Whether you initiate a transfer during or after approval, the process is similar. In most cases, card issuers let cardholders start the process online or over the phone. Cardholders can provide the details of the account they wish to transfer from and how much of the debt they want to move to their new account.

6. Wait for the transfer to go through

Balance transfers could take anywhere from a few days to a month. Capital One cardholders can generally expect a balance transfer to take between three and 14 days, depending on whether the transfer was initiated electronically or by mail.

It’s a good idea to continue making at least the minimum payment while waiting for the old account balance to transfer to the new account. And if you transferred the full balance, to contact your original lender to ensure the account’s at $0 after the transfer is complete. Otherwise, the lender may charge interest or fees on missed payments and unpaid balances.

7. Start paying off the balance

A repayment strategy could help pay off credit card debt before the introductory period ends, which can help save on interest.

A simple way to develop a plan, if it’s possible for you, is to divide the balance by the number of months in the introductory window. So if the balance is $5,000 and the card comes with an 18-month 0% APR period, just divide $5,000 by 18 to get a monthly payment of about $278. 

Balance transfer FAQs

Still curious about balance transfers? Consider the following frequently asked questions.

How much does it cost to transfer a credit card balance? 

Balance transfer fees can vary depending on the card or the issuer. And some don’t have any fees at all. But transfer fees typically range from 3% to 5% of the amount transferred.

Can a balance transfer be denied?

In some cases, balance transfers can be denied. This may happen if: 

  • The proposed transfer amount exceeds the transfer limit or the credit limit on the card.
  • The transfer attempt is initiated outside the transfer window outlined in the card’s terms.
  • The account isn’t in good standing.
  • The proposed transfer is to a new account from the same credit card issuer. Some issuers don’t allow debt transfers from different internal accounts.

What credit score is needed for a balance transfer? 

Generally, applicants with good or excellent credit scores are more likely to get approved for balance transfer credit cards with the terms they want.

Can you get a balance transfer card if you have bad credit?

People who have credit scores below average—below 579, for example—may find it harder to qualify for a card with low interest.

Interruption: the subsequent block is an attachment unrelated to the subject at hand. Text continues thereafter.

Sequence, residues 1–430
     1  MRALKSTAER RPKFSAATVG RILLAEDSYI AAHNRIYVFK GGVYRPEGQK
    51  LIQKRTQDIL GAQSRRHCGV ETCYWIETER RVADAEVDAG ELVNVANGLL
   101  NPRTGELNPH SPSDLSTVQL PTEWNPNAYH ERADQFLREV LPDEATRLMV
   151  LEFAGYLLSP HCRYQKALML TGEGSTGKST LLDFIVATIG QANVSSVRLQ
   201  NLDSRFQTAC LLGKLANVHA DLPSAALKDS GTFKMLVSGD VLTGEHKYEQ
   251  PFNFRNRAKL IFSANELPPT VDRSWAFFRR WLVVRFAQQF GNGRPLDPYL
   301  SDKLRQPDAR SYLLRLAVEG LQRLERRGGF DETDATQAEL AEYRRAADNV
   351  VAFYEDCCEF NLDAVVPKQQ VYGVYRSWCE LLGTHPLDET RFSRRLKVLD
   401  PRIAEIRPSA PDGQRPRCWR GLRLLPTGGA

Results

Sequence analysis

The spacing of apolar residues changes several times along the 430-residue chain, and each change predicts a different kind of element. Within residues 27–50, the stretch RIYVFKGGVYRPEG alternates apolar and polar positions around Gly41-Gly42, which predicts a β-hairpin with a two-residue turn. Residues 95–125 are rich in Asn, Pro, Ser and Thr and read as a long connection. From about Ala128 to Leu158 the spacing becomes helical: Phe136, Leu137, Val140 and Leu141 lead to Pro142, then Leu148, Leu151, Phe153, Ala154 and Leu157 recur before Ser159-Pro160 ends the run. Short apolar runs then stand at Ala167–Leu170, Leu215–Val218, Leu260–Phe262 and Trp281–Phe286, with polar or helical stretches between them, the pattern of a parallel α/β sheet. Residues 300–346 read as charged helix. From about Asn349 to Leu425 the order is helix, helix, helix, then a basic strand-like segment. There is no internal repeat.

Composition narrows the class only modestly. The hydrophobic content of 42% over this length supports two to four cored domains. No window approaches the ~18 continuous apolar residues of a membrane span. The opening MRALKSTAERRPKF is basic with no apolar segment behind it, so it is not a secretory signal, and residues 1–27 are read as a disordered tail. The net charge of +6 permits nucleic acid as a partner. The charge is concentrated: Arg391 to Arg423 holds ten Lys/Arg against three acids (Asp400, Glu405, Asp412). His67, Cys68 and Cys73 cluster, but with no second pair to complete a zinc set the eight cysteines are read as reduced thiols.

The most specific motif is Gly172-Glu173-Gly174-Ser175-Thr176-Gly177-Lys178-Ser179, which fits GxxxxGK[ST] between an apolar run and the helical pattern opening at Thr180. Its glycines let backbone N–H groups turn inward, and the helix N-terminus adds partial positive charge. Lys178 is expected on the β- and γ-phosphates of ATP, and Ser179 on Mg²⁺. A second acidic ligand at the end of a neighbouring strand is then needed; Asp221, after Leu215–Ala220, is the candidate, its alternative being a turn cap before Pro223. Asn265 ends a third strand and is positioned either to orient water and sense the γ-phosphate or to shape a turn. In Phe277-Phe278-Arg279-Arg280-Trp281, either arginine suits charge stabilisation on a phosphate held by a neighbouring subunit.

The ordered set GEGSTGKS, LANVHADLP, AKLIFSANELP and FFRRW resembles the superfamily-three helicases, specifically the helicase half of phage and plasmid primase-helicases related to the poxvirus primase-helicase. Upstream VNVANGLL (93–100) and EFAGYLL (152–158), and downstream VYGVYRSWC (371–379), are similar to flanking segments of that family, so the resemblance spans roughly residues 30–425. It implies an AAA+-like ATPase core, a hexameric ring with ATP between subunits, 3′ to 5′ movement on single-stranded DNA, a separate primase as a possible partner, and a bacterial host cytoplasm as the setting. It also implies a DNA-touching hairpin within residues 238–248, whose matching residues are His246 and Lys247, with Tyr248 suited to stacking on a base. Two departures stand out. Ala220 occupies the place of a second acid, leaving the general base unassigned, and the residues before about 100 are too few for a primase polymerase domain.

Those who don’t qualify for a card with 0% interest may still qualify for a card with a lower interest rate than that of other cards. And that could help them save money on interest. 

Secured credit cards are another option to consider. This type of card requires a cash deposit as collateral. While some lenders allow secured cards to be used for a balance transfer, it might be better to use the funds you’d use for the deposit to pay down debt.

Can you use your credit card after a balance transfer?

Transferring a balance generally won’t automatically close an old credit card account, so you can technically still use the card. And keeping the account open—without adding more debt—can help keep your credit utilization rates low and average account age higher, which may help your credit scores.

But if the temptation to overuse available credit is too great, it may be worth closing the account and focusing on paying off existing balances.

How to do a balance transfer in a nutshell

A balance transfer could help you streamline your finances, consolidate debt to a credit card and save money on interest. By knowing how the process works, you can maximize your benefits. 

For more information, you can compare low-intro balance transfer cards from Capital One.

We hope you found this helpful. Our content is not intended to provide legal, investment or financial advice or to indicate that a particular Capital One product or service is available or right for you. For specific advice about your unique circumstances, consider talking with a qualified professional.

Capital One does not provide, endorse or guarantee any third-party product, service, information, or recommendation listed above. The third parties listed are solely responsible for their products and services, and all trademarks listed are the property of their respective owners.